Cory Booker’s Iowa Plan to Win 2020 Nomination
“The quote you’ve heard me give often is the Mike Tyson quote, ‘Everybody’s got a plan until I punch them in the face.’ So who knows what’s going to play out in this. I just know this is my authentic way of campaigning all my life,” Booker told me. “The success of my career has always been grassroots-up, and I can’t do it any other way, and I definitely can’t trust the fickle media who’s going to build people up, tear people down. For me, that’s like going from stock trading, day trading which is like the national media cycle, versus building a solid organization on the ground.”
So, I asked Booker, does that make him a mutual fund? “High-yield treasury,” Matt Klapper, his longest serving aide, chipped in from the front seat. Booker wouldn’t quite bite. “We are building an organization [like] real great companies that focus on people, that focus on values, that focus on communications.”
OK, I said, so does he think he’s Mike Tyson (whose actual quote, by the way, is “until they get punched in the mouth”)?
“No, no, no, no, no. I do not want to have another ‘Spartacus’ moment,” Booker told me, referring to his comment during last fall’s Brett Kavanaugh Supreme Court confirmation hearings that earned him months of mockery, “where I say a quote and people think I was talking about myself.”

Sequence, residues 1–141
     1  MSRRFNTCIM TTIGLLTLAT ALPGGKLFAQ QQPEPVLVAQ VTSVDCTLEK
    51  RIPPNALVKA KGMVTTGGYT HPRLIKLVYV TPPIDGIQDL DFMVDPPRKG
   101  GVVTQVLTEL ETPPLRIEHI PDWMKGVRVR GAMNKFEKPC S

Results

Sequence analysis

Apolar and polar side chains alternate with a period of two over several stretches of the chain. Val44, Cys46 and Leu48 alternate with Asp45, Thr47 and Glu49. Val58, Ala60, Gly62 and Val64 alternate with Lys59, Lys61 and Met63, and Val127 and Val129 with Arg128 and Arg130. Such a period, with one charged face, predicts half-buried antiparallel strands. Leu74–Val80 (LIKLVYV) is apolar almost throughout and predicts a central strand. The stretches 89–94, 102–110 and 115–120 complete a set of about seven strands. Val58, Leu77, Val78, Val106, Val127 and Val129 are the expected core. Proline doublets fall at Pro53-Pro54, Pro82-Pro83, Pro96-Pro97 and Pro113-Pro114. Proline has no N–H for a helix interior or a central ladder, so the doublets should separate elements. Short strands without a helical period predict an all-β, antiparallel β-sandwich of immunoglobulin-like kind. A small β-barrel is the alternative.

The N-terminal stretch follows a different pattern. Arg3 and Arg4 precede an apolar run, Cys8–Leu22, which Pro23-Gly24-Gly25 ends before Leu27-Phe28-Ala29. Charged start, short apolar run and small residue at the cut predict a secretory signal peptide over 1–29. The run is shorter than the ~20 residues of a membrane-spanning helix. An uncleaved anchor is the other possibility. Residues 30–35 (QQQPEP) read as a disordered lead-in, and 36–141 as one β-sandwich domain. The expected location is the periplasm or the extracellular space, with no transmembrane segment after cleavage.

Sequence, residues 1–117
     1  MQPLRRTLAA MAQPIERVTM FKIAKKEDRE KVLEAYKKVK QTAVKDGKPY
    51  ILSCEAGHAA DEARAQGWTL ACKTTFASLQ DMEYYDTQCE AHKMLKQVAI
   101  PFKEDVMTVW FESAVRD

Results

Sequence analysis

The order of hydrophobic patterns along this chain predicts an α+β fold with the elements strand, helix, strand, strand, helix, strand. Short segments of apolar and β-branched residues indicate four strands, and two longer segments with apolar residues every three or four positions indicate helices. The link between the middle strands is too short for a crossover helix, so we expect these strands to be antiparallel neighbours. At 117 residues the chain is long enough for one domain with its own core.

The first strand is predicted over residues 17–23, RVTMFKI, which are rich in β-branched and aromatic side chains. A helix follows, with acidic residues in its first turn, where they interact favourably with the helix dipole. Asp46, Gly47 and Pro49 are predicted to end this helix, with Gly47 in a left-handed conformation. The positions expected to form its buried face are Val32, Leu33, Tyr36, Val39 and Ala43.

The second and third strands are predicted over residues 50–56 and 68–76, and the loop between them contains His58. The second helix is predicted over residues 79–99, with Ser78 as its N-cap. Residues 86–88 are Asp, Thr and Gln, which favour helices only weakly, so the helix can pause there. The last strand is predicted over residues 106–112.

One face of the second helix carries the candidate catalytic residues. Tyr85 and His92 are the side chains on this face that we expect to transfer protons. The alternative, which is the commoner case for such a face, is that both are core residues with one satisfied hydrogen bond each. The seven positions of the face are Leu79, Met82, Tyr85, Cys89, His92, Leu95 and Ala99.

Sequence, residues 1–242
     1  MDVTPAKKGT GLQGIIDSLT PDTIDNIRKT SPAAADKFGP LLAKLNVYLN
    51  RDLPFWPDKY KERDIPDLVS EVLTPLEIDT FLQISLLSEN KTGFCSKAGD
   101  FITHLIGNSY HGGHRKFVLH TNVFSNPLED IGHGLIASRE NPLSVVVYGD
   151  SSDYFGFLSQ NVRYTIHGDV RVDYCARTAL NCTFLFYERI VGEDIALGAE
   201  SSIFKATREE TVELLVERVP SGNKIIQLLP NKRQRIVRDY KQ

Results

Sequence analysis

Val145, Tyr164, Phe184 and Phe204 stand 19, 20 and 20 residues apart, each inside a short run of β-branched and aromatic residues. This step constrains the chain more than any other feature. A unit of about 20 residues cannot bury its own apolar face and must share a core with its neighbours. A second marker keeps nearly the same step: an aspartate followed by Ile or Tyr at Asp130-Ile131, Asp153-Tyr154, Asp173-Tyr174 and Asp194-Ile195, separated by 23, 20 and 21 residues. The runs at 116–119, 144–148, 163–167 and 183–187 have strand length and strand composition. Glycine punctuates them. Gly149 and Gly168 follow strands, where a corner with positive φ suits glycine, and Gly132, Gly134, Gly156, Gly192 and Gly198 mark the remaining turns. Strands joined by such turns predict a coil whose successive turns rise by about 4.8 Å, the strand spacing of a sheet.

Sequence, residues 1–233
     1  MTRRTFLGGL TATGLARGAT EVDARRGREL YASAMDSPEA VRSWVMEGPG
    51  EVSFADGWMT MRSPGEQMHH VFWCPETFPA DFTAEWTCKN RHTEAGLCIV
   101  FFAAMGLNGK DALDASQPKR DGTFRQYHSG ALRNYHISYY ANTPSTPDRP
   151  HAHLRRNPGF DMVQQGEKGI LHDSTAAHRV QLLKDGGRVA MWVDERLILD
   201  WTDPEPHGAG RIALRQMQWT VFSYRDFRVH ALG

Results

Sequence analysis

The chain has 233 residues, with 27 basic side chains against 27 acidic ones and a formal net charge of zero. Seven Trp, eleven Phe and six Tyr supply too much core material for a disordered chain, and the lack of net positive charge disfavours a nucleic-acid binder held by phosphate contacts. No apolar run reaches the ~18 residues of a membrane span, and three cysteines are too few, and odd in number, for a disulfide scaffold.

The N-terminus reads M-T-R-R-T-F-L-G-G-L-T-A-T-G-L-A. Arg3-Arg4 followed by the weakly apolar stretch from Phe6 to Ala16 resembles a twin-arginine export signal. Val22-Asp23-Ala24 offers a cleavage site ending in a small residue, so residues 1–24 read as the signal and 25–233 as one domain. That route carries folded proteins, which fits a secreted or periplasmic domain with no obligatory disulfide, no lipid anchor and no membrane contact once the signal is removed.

This can sound more like Pollyanna 2020 than an actual strategy—Booker giving interviews to insist his campaign is not over, a show for donors so that he scrapes together enough money to keep going. When I asked Booker how his fundraising is going, all he said is that the campaign is meeting its monthly goals. (Those specifics will be tested June 30, the end of the second quarter.)
Booker told me that the race that he compares his 2020 campaign to isn’t either of his runs for Senate, nor his two winning campaigns for mayor of Newark, New Jersey, nor the losing mayoral campaign captured in the Oscar-winning documentary Street Fight. Booker says running for president reminds him of his very first run 20 years ago, for a city council seat in Newark’s central ward.
“This feels eerily like my ‘98 race,” Booker told me. “We knew the only way we were going to win was organizing, getting people to meet me and hear me. If I could get you to come to the common room in one of the projects, and I could get you to hear what I was about, I was going to be able to get your support, if you were not already a partisan, so to speak. And it’s the experience we’re having in Iowa, which is so affirming to me, which is people who come, a large percentage of them, more than my organizers thought would happen, will sign commitment-to-caucus cards.”
Wait, running for president in Iowa was just like running for city council in Newark? His Jersey accent came back out. No, no, he said, “I mean, come awwwn. This is Iowa.”